NCS or that time someone left me in charge of a lot of kids

Fifteen to seventeen year old teenagers to be exact.  That awkward mid-way point between not quite entering adulthood, and being almost too cool to listen to what you have to say.

For the past month, I’ve been busy working as a team leader/mentor for the National Citizen Service. While it sounds like a government ordered, mass conscription of young people throughout the UK.  Actually, it does have a worrying resemblance.. but rest assured! NCS is a 4 week voluntary summer scheme, filled with amazing activities, a chance to meet so many new people and an opportunity to work together to design your own social action project. The end goal of this national programme is to build up the soft skills of today’s youth, encourage self sufficiency and wider social mixing with the local community.

So how does it work? Well, it’s split into 5 phases. Beginning with two away-from-home residential trips. For my wave of 80 students, we had 5 sub groups each led by two team leaders. Our first stop was the sandy town of Ryde on the Isle of Wight. The activity centre was situated a good 45minutes drive away, just conveniently far out enough where phone reception was poor and mobile data service was non-existent. Just brilliant. I’ve had days where I’ve spent more time staring at screens than seeing people. The horror on everyone’s faces at this discovery was unforgettable. Did I mention that this was an island in the middle of nowhere? Escape was not on the cards.

Temporary shelter

Our accommodation….kidding. Temporary shelter building.

Phase 1 and 2: Induction and Team building. Four days and three nights away

The first residential was action packed at an adventure centre from; rock climbing, volleyball and water polo to learning basic survival skills like building a fire, emergency shelters and bush craft. Participants are pushed to their limits. NCS throws you into the deep end but it’s remarkable how quickly the teams, young people bond and support each other over the course. Watching the growing self confidence from the initially shyest of participants – who usually end up being the loudest – is definitely a proud leader moment.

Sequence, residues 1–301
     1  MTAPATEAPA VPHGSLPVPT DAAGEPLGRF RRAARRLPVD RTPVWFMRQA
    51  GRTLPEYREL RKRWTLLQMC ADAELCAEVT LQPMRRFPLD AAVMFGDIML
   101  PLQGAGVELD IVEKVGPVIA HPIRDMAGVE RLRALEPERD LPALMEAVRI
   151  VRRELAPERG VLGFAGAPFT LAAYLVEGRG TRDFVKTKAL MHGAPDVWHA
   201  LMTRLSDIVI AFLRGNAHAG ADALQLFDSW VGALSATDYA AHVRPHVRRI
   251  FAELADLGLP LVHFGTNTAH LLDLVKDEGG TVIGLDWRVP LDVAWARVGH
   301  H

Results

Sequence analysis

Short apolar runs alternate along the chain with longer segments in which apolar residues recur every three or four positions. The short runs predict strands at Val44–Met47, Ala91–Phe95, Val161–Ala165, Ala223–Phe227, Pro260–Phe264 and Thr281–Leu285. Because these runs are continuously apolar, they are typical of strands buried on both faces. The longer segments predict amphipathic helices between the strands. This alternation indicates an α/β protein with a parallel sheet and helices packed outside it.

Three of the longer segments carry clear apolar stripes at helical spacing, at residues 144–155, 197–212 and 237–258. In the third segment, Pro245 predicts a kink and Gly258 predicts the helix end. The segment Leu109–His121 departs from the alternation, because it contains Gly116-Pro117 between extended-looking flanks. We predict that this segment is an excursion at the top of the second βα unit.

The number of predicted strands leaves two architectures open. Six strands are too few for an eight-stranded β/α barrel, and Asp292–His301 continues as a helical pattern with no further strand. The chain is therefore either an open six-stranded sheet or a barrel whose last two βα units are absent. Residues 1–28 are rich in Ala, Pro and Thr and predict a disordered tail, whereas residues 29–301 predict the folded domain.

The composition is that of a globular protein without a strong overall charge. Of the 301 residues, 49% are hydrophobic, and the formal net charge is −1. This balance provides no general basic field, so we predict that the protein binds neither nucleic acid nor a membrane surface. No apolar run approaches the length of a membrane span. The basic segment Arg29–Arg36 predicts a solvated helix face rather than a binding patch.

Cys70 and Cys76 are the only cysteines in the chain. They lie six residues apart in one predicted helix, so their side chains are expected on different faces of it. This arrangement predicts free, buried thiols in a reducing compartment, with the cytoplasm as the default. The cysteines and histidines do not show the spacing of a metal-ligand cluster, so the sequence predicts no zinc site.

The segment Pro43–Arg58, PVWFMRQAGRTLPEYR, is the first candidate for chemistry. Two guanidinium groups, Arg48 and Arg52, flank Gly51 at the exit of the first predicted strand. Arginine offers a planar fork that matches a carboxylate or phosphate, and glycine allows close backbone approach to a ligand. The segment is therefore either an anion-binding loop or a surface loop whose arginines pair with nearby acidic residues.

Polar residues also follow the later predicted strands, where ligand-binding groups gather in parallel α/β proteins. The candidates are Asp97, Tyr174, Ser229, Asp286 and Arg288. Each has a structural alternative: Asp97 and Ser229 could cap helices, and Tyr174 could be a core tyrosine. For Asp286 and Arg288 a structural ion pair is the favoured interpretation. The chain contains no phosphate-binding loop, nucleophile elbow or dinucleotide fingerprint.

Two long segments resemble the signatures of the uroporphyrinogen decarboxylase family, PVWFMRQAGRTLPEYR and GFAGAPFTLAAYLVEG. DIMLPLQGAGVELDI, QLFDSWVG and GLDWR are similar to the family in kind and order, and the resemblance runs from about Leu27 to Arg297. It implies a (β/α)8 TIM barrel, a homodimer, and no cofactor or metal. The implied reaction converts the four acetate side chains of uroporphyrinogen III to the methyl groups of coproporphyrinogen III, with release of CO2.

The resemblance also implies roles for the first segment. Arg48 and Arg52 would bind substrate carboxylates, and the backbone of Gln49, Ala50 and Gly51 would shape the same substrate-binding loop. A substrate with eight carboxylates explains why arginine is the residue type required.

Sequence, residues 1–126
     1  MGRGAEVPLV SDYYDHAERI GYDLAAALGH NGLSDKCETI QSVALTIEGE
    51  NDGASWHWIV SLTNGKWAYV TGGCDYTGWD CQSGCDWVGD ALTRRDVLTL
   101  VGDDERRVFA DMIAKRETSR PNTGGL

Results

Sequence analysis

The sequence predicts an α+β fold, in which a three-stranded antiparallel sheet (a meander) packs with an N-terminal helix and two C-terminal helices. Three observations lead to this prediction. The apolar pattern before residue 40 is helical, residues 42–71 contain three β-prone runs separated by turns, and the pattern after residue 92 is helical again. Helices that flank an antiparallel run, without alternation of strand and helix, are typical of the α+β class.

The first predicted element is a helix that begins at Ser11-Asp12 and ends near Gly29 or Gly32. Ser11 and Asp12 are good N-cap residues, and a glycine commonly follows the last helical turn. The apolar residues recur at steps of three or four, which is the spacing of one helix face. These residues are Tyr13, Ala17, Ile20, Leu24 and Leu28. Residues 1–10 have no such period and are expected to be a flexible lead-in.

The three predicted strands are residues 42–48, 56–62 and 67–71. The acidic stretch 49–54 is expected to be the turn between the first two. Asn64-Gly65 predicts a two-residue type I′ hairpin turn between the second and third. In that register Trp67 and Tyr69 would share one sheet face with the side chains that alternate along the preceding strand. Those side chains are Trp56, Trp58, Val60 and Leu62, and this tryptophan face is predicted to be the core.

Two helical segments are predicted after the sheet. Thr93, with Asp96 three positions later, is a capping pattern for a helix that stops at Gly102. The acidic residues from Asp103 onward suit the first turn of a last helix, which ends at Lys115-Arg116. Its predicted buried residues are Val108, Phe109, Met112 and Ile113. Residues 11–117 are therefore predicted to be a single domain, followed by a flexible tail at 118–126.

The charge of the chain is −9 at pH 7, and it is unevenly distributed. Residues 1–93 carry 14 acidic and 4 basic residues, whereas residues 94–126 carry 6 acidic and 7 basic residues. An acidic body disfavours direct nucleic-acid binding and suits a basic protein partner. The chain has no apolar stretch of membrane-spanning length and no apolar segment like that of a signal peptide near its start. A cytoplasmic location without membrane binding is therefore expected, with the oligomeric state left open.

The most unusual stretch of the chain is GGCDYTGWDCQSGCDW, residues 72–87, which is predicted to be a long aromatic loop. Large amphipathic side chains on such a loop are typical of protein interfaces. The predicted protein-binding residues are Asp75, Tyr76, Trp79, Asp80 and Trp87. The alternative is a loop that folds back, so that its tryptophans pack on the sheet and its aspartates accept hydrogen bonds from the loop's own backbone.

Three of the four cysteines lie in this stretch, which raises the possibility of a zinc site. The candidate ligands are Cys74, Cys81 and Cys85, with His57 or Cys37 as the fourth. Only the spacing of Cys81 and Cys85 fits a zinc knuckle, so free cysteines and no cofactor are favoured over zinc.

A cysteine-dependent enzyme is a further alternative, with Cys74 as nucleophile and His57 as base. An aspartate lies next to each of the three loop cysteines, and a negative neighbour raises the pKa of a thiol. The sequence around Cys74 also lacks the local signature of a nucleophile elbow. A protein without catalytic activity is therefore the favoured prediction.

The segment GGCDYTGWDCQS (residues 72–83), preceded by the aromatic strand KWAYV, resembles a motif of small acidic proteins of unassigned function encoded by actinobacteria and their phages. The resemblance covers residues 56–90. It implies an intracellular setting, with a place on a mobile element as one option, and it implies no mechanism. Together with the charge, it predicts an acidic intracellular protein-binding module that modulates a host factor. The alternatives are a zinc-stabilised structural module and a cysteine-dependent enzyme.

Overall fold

3G Swing

My co leader and I setting shining examples as fearless NCS leaders for our kids.

The most popular challenge was the “3G” swing where two harnessed participants are hoisted up 45ft in the air by their team. With a tug of the ripcord, the pair are dropped. Plunged into nothing but the soul destorying swinging exhilaration of three times the gravitational force. Over and over again.

Until the swing and your heart eventually grounds to a stop.

Just kidding.

It’s pretty fun though! But a literal pain in the ass once you get off since your entire body weight rests on that single safety harness tightly and unflattering wrapped around your lower body for the entire ride. Picture a stuffed pork loin firmly bounded by a piece of string heading into the oven for roasting. We were a beautiful sight. Demonstrations of the crab walk after the ride were not uncommon. The rest of the team were in absolute stitches.

Phase 3: Four days and three nights living at a university halls of residence




Nah I was just glad to have a room all to myself. At the previous residential, somehow, I ended up awkwardly sharing a room with my Wave supervisor, who kept on eating all my free apples that I thriftily stowed away from lunch. Curses. She thought it was room service but I prefer the term, “The Apple Fairy”.

Moving swiftly on, Phase 2 was a taster of university student life. Workshops and talks were given by local charities and individuals in the day to try prompt the participants into addressing the social problems that exist within their communities. All in prep for their own social action project.

Kent University flat

Flat kitchen at Kent University. Image taken from

Teams were placed into flats. And a twist to the challenge was having the groups set their own rota for cooking dinner for 15 people (the entire team). For most, this was a massive learning curve. And cooking is dangerous. There’s fire and very sharp knives. On the first night, I watched apprehensively as a baffled 15 year old boy struggle to turn on the gas stove – don’t worry he figured it out after 10 minutes and he still had four good fingers and half an eyebrow left.

Phase 4 and 5: The Social Action Project

Some things are easier said through pictures than words! The team were inspired by American artist Candy Chang’s “Before I die..” project and set their hearts on recreating the same chalkboard walls in their local park.

plywood boards

6ft by 3 ft boards: Before

After raising enough funds from a community litter pick, the team bought plywood boards ready for painting and stenciling.


Chalkboards: After

“I wish” chalk board


Leave a Reply

Fill in your details below or click an icon to log in: Logo

You are commenting using your account. Log Out /  Change )

Google photo

You are commenting using your Google account. Log Out /  Change )

Twitter picture

You are commenting using your Twitter account. Log Out /  Change )

Facebook photo

You are commenting using your Facebook account. Log Out /  Change )

Connecting to %s